Now that the weather is getting better, it’s a good time to come visit the Lauren Rogers Museum of Art and stroll around the grounds viewing the numerous sculptures on display outdoors. Five works are in the sculpture garden, and eight more are distributed around the building.
On the north side of the North Garden is the “Torso of a Young Woman” by the French sculptor Auguste Rodin (1840-1917). Rodin is perhaps the best-known figurative sculptor of the modern era. This small bronze torso was created in 1909, just a year after he moved to the Hôtel Biron in Paris, which is today the Musée Rodin. It was, like many of his sculptures, not cast until after his death; in this case the Torso was cast in 1959.
On the east side of the garden is “Eve”, by the American sculptor Laura Ziegler (b.1927). Ziegler clearly works within the figurative sculptural tradition she shares with Rodin. However, Ziegler seems interested in expressing a particular emotion on the part of the subject - the anguish Eve felt on being banished from the Garden of Eden. Rodin’s work, on the other hand, is expressive of the artist’s interest in form and content; in other words, it is more about the artist than the subject. In Eve the viewer is drawn into the emotional world of the subject, not the artist.
Nearby, the visitor will find Donald DeLue’s “Spirit Triumphant” (1971), a one-third size model from the State of Louisiana memorial at the Gettysburg battlefield. This bronze represents the survival of the spirit; the split laurel tree represents the South and the North, which are eventually united by the dove of peace spanning the two branches.
Recently, we added Atlanta artist Andrew Crawford's "Fiddlehead," a steel sculpture donated in 2002. It evokes both the curve of a violin and the organic quality of the fiddlehead fern.
Eight sculptures by David Hayes are on display outdoors at LRMA until August 31, 2008. Hayes has developed a unique formal vocabulary of biomorphic forms. The surprisingly organic-looking assemblages contrasts with the material: flat plates of unbending industrial-strength steel. The works in the “Screen Sculpture” series are painted solid black, while the rest of the sculptures on the Museum grounds are painted. The scale of the steel works is comfortably human; ranging from about 4' - 8' high. The works do not tower over and dominate the average person, but are not so small they can be deemed inconsequential. Repeated viewing over the course of the next year, in different seasons, times of day, walking or driving by, and under varying skies, will result in different experiences with the sculpture. Don’t forget to walk all the way around the back of the museum to see “Grenouille,” which faces 4th Street and the LRMA parking lot.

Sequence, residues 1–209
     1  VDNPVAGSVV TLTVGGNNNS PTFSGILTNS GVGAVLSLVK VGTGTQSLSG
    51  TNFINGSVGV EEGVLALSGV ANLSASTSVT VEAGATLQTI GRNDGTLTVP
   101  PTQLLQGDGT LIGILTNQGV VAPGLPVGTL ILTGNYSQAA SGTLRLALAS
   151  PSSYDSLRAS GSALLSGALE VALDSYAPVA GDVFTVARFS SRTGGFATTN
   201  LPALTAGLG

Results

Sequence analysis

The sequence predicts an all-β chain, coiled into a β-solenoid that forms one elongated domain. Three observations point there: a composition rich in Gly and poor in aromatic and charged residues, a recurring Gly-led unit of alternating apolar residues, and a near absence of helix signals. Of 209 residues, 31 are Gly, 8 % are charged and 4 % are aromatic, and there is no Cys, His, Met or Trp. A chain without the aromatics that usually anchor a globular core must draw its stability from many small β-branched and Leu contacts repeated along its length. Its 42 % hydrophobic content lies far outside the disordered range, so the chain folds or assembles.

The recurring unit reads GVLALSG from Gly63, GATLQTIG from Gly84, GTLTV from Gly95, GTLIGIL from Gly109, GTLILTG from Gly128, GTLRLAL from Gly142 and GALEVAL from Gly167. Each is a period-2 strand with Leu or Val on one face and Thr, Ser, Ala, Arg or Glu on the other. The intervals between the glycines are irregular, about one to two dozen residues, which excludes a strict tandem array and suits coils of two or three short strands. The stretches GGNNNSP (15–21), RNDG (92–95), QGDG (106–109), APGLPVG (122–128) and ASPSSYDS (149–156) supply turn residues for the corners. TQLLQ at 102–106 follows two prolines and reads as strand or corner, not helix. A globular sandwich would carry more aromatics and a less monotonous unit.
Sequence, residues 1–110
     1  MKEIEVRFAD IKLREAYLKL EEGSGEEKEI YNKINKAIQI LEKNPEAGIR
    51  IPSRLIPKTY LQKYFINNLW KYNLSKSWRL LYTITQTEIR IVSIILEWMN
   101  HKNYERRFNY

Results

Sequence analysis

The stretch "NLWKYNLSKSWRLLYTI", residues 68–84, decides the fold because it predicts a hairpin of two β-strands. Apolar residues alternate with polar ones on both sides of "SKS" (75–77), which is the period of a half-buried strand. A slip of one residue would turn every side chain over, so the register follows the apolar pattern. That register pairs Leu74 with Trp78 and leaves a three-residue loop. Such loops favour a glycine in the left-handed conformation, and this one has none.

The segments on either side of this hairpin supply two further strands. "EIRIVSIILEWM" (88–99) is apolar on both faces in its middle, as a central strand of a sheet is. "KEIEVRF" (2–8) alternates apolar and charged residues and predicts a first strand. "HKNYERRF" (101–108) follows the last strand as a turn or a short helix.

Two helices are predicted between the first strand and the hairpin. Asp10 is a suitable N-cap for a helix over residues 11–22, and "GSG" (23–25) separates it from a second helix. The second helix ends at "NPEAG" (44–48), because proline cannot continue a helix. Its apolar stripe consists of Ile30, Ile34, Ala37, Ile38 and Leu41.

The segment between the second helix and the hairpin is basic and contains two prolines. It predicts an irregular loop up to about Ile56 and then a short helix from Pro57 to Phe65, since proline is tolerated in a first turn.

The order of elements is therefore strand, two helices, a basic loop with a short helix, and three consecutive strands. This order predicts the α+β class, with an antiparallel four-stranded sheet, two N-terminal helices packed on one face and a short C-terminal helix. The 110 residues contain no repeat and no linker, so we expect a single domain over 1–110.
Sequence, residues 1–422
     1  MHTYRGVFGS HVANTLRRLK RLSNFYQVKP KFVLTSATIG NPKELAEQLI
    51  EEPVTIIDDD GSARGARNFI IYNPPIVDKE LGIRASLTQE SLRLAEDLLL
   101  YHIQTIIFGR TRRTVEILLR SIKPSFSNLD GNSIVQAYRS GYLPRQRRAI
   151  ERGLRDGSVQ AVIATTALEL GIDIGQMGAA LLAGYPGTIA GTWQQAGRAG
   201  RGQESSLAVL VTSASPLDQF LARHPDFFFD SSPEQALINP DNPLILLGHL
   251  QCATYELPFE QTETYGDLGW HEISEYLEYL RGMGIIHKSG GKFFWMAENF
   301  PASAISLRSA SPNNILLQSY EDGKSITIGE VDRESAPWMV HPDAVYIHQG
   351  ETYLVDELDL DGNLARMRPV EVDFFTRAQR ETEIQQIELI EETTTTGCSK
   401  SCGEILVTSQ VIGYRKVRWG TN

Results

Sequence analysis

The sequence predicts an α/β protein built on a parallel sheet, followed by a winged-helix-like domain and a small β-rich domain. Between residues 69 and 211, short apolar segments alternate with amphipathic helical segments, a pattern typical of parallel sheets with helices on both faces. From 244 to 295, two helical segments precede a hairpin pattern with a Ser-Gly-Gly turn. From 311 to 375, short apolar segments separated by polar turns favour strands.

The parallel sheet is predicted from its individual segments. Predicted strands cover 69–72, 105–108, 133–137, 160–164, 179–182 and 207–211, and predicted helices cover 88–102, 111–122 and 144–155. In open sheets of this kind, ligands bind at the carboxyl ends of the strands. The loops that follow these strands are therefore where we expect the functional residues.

In the Museum Annex courtyard is Bruce White’s stainless steel “Untitled” (1972). White, a New Jersey native, now lives and works in Chicago. Bruce White's work has been described as "an elegant union of ancient symbolism and contemporary science." His preferred materials are stainless steel and aluminum, although he has created works in bronze and granite--essentially materials which lend themselves to permanance. In addition to sculpture for residential and commercial interiors, he has done numerous large scale exterior public works.
Finally, on the South side of the front lawn is Arthur Silverman’s “Cor-Ten Duo #3” (1981). Silverman is a New Orleans-based sculptor who has long been fascinated with the mathematical and aesthetic qualities of tetrahedrons. This sculpture may be familiar to mall-goers, as it was in display at the Sawmill Square Mall for several years. I’d advise giving it a second look in a natural setting, however, as the expansive space and natural light really work to the sculpture’s advantage.
The loan of the Rodin and Zeigler sculptures from the Hirshhorn Museum and Sculpture Garden in Washington, D.C. was made possible by the Museum Loan Network - a national collection-sharing program funded by the John. S. and James L. Knight Foundation and the Pew Charitable Trusts, and administered by MIT’s Office of the Arts. The Sculpture Garden is open during regular LRMA hours: 10:00 am to 4:45 pm Tuesday through Saturday, and 1:00 to 4:00 on Sunday; the rest of the sculptures are accessible year-round. For more information about museum programs and exhibitions, call (601) 649-6374 or check our website at www.lrma.org.